• Friday, December 01, 2017 10:41 AM | TCME Admin (Administrator)

    Swing on by our Annual Fundraising Auction to benefit The Center for Mindful Eating! We have a wonderful array of donated mindful eating trainings, books, travel opportunities and so much more. Thank you for any help you can give - and thank you to all of our very generous donors. 

    View the TCME Auction

    If you prefer to make a cash contribution to help us reach our fundraising goals, please make a donation. We are a 501(c)3 registered non-profit, and all donations are tax deductible.

    The Board Members of The Center for Mindful Eating

    Bidding closes at midnight EST on December 7th - don't miss a great opportunity to deepen your practice, go on vacation or get a signed copy of a book by your favorite mindful eating author!

  • Monday, November 27, 2017 5:10 PM | TCME Admin (Administrator)

    Our third Annual Fundraising Auction to benefit The Center for Mindful Eating opens tomorrow, November 28, 2017, on Giving Tuesday, a global day of giving fueled by the power of social media and collaboration. 
    Many new items have been added since last weeks preview, thank you to all of our generous donors and supporters. Your work to help educate and spread the word about mindful eating is greatly appreciated. Together we are contributing to conversations about how mindfulness supports healthy relationships with food and eating.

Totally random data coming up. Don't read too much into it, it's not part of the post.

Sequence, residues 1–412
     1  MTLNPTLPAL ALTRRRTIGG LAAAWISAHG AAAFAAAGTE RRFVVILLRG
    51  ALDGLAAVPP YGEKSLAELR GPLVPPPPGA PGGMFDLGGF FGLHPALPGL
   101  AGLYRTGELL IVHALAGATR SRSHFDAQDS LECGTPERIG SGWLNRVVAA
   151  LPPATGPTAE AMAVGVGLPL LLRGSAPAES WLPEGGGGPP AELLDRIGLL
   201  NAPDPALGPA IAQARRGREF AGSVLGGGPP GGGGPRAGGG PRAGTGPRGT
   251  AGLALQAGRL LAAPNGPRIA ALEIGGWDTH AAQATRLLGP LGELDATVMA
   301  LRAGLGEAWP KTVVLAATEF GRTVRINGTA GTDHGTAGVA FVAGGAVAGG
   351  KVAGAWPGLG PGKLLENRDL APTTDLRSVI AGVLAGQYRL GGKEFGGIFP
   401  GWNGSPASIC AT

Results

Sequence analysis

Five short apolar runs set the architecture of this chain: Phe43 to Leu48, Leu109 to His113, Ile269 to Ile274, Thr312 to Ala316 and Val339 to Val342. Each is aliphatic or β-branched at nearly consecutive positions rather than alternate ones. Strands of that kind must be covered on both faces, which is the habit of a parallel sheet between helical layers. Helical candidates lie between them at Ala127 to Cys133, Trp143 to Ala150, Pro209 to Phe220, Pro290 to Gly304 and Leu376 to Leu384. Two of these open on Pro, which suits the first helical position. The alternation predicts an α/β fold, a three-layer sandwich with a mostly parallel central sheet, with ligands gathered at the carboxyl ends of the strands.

View the TCME Auction

    Thank you for whatever help you can offer in helping us achieve our 2017 fundraising goals. 

    If you prefer to make a cash contribution to help us reach our 2018 fundraising goals, please make a donation. We are a 501(c)3 registered non-profit, and all donations are tax deductible.

    The Board Members of The Center for Mindful Eating

  • Wednesday, November 01, 2017 4:27 PM | TCME Admin (Administrator)

    Greetings everyone! Mindful Eating Day 2018 will be on the theme of compassionate self care. Once again we will be bringing you daily reflections through the month of January, an opportunity to connect with other mindful eating practitioners around the world with a space to share thoughts, practices and initiatives. We will have our world-wide Mindful Eating Day program on January 25, 2018.

    Please come join our New 2018 Mindful Eating Day Group at

  • Friday, October 13, 2017 6:02 PM | TCME Admin (Administrator)

    Annual Fundraising Auction

    Please donate to our third Annual Fundraising Auction to benefit The Center for Mindful Eating. 

    Click here to make your donation - you will need to register as a donor (not a bidder, unless you want to do both together, of course!). The deadline is November 15, 2017.

    Bidding opens on November 28, 2017, Giving Tuesday, a global day of giving fueled by the power of social media and collaboration. Bidding closes December 7, 2017.